Listening has always been a weak spot for beginner students who are learning Chinese. After they’ve learned some phrases, they experience a total blank when the same phrases are coming out from other people’s mouths. Today, I’m happy to announce that we have added one more solution to our tool kit for beginner students to develop their listening skills.
This solution addresses THE fundamental issue of the common Chinese learning mode, that beginner students rely excessively on visual cues, primarily pinyin, to learn listening and speaking Chinese. They read the pinyin printed in their textbooks or displayed on their learning APPs, listen to how it is pronounced, and try to read the pinyin accordingly. Involuntarily, listening becomes a secondary source for language input.
The same thing also happened in my Chinese classes. Fortunately, I have tons of great listening exercises in the Work Books to help my students and students who use my books counter this lack of listening input. So far, all the listening exercises have been working out very well. But, I know I must do something to bring listening into the core of language input, so that students can learn speaking Chinese directly from listening, and forget about pinyin for a while, especially all the troubling tone markers!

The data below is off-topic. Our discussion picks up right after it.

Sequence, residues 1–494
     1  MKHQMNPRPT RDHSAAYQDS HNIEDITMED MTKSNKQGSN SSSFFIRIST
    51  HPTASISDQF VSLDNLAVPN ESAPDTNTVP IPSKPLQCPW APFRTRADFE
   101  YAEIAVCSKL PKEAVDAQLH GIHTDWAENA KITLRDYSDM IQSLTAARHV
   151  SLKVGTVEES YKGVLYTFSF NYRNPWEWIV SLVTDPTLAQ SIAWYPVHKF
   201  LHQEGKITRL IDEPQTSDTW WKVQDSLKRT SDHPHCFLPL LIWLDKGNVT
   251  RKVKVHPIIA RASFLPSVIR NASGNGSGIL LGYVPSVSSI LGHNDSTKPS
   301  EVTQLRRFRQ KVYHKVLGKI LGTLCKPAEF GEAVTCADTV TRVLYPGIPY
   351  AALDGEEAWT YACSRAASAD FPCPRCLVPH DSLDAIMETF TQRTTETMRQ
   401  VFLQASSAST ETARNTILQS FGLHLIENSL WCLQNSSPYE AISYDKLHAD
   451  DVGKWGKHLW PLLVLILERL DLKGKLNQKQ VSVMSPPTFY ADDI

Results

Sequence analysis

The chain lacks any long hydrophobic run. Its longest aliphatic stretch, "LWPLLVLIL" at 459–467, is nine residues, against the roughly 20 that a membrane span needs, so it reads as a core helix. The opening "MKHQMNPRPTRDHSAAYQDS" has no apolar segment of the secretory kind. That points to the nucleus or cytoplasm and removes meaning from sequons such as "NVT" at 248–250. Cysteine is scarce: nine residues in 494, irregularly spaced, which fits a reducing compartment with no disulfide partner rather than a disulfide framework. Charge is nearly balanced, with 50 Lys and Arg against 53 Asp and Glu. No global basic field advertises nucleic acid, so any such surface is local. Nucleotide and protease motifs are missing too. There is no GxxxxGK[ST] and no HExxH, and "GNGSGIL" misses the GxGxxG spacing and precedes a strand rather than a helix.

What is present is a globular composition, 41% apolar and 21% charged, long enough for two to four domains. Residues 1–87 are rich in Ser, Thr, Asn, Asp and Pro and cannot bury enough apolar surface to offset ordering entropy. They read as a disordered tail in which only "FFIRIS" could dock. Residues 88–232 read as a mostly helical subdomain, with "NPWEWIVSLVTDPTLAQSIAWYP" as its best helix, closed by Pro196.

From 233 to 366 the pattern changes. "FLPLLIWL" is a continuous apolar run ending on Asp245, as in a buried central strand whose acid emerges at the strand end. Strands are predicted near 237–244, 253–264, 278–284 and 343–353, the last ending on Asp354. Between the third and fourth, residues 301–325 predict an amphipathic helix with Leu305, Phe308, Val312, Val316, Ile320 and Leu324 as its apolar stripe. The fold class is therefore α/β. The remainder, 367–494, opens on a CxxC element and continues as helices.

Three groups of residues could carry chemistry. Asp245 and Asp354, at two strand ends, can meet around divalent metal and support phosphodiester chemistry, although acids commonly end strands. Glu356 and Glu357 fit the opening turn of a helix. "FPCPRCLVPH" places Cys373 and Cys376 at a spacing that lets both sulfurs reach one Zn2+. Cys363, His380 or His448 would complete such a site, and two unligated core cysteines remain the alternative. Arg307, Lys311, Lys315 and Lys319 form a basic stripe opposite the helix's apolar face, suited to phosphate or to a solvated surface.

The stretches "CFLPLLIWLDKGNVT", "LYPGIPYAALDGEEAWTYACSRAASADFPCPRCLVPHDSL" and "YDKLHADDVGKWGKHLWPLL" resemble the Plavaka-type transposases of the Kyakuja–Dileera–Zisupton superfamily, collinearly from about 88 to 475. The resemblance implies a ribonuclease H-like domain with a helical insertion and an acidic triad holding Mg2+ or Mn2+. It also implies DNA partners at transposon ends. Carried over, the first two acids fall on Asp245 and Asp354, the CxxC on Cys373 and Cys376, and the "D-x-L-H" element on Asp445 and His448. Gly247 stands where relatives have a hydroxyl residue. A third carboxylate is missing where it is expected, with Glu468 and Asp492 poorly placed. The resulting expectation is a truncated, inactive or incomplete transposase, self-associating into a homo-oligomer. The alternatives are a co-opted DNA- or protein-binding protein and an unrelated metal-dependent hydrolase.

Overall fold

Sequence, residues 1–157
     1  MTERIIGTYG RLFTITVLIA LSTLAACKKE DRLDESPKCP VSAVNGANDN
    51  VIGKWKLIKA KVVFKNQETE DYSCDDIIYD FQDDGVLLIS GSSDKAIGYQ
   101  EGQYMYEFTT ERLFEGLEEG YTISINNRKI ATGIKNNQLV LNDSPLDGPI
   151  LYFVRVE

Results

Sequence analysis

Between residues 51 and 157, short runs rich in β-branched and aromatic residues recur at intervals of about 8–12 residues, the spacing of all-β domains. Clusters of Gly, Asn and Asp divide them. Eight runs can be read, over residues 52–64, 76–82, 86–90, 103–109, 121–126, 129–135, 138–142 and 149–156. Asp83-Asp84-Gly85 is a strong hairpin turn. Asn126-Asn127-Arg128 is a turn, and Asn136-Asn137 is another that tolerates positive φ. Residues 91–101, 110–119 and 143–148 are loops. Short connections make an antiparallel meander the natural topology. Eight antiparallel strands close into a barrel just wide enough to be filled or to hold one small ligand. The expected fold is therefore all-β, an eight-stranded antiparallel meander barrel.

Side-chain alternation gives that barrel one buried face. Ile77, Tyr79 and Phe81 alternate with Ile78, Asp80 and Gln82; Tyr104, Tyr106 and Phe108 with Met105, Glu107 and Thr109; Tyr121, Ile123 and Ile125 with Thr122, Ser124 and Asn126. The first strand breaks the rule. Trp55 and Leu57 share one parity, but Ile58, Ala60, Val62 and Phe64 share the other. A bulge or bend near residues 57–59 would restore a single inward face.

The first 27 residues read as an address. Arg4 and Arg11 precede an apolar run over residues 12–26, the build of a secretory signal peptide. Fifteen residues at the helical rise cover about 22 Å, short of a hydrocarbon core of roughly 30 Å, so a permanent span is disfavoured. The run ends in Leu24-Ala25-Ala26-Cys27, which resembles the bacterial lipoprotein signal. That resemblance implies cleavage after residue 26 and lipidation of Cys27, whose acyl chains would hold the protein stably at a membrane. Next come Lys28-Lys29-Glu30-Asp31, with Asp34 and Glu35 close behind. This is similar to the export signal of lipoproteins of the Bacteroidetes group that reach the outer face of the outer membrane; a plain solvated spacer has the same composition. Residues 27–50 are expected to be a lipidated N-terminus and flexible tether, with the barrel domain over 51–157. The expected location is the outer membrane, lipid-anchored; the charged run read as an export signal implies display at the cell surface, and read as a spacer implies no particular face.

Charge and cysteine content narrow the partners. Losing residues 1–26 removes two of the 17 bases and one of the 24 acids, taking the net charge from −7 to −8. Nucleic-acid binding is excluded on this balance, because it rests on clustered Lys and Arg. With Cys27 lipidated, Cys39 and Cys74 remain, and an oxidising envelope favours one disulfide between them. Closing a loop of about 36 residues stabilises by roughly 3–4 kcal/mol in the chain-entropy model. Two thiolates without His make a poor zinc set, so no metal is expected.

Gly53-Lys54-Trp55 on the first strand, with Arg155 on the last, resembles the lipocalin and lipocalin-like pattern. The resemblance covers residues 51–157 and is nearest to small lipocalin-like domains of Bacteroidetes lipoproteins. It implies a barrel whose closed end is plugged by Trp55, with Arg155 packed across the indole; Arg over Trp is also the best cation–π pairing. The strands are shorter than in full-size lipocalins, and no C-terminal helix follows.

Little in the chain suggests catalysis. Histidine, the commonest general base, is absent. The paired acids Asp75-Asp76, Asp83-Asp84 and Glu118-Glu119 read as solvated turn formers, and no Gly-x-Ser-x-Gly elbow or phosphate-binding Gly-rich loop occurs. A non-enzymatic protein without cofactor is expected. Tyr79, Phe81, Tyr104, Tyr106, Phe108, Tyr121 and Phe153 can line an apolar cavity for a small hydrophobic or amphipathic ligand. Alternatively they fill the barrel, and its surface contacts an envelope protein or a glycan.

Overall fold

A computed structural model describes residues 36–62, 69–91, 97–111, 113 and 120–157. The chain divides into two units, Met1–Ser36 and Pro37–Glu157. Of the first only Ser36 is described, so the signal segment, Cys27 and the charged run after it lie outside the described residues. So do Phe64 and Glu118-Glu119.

Many years ago, I got inspired by listening to some Pimsleur Chinese audio lessons, thought they were great for beginner students to get started. Later, I listened to many podcasts which also used audios to teach Chinese. Pimsleur lessons were still the best. They are very systematic, and are able to cut down the English explanations to the minimum. Not a second is wasted on irrelevant stuff. The only drawback is that Pimsleur lessons don’t have any supporting exercises for students to work on. In other words, they did not produce any work books. Since I’ve already had Work Books, the only thing for me to do was to produce some audio lessons.
Long story short. This is now finally a reality! Mandarin Express Intro Level A audio lessons just came out!
These audio lessons are perhaps not as polished as Pimsleur lessons. The only advantage is that there is a Student’s Book for students to fall back on, and there is a Work Book for targeted and consolidated exercises.
For students who are teaching themselves Chinese, these audio lessons can be a valuable resource. A recommended study routine could be:
After this release, the next release will be Mandarin Express Intro Level B audio lessons. A lot to look forward to!
To add more excitement to the newly released audio lessons, a 20% discount is offered for students who purchase the audio downloads before April 30, 2021.
If you’re interested and want to give it a try, listen to two sample lessons here.
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